Thursday 22nd November 2018, 18:00
Book your free ticket here.
Total runtime 71 min.
Graeme Arnfield and Christina Chalmers will be present for Q&A, with G. Anthony Svatek on skype.
26 min / 2017 / Portugal / London premiere
In a natural crisis scenario, the entire population of Azores is forced to evict due to an uncontrolled plague of hydrangeas, a common flower in these islands.
Two young soldiers, bound to the beauty of the landscape, guide us to the stories of sadness of those forced to leave and the inherent desire to resist by inhabiting the islands. The filmic wandering becomes a nostalgic and political reflection on territorial belonging and identity, and the roles we assume in the places we came from.
Shouting at the Ground
17 min / 2017 / UK / UK festival premiere
In a peat bog in North West England a Spanish woman was murdered, her body buried and subsumed into the treacherously dense ecological matter. Taking the real life disappearance of Malika Maria De Fernandez along with the global trade of fossil fuels as an poignant opening, Shouting at the Ground is an agricultural & archaeological murder mystery circling around a void, oscillating it’s images and sounds between states of violent networked embodiment and pitch black absence, of burial and exhumation.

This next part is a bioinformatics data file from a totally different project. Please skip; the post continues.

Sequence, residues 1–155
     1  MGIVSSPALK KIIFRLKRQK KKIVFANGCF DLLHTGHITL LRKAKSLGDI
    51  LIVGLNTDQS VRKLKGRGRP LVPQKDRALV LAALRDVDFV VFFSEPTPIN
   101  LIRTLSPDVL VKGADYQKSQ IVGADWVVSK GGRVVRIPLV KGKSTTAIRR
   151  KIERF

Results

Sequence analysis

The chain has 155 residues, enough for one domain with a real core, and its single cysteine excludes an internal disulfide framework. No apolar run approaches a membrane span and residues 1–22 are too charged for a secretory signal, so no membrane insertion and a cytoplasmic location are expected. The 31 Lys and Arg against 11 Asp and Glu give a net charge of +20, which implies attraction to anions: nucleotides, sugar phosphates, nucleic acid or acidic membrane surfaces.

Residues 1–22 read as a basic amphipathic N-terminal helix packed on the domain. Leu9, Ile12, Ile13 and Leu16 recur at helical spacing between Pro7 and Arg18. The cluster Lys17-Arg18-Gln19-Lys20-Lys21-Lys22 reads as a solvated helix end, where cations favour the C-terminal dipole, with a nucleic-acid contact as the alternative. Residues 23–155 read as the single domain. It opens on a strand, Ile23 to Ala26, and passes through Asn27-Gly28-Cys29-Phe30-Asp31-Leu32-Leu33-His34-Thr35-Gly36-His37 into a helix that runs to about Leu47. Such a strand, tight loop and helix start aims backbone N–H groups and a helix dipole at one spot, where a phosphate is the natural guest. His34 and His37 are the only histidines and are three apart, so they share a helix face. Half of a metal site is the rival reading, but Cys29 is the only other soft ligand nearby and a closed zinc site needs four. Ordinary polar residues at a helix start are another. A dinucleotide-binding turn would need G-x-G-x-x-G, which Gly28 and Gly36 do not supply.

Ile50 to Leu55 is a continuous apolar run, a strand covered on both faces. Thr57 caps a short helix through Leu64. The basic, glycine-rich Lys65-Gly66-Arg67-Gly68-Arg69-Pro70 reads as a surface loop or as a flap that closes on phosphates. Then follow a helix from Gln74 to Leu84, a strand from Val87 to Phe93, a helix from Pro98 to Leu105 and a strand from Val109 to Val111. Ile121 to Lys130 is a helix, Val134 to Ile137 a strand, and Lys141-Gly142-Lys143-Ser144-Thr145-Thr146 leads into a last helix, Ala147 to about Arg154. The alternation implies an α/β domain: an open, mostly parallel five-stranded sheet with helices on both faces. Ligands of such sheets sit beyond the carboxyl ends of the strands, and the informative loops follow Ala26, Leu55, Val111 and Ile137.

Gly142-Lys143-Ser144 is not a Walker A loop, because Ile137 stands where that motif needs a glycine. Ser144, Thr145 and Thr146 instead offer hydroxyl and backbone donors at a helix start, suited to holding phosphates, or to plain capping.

Notes on Capture
6 min / 2018 / UK / World premiere
Archival footage of the people of the islands of St. Kilda some time prior to their evacuation in 1930’s prompts this personal meditation on the enduring anguish of geo-cultural fatalities. In some of the most remote and isolated islands in the north west of Scotland, we witness the ethnographic gaze of mainlanders variously rejected, resisted, and refused by an assembly of female islanders. Linking personal anecdote to the ethical dilemmas of the historical record of the Other inside, Notes on Capture interrogates how one finds roots from a history which can only appear with downcast eyes.
G. Anthony Svatek
22 min / 2017 / New Zealand, France, Tuvalu /
.TV is a found footage essay film: Voicemails left by an anonymous caller from the future guide us to the remote islands of Tuvalu, which the global media has described as “the first country to disappear due to rising sea levels”. Surrounded by thousands of miles of open water, much of Tuvalu’s revenue comes from its country-code web extension .TV, a popular domain choice among global video-streaming and television industries. The caller describes how heat, digital screens, and distance gave him no choice but to leave his sinking home and escape into cyberspace where rising waters will never reach him.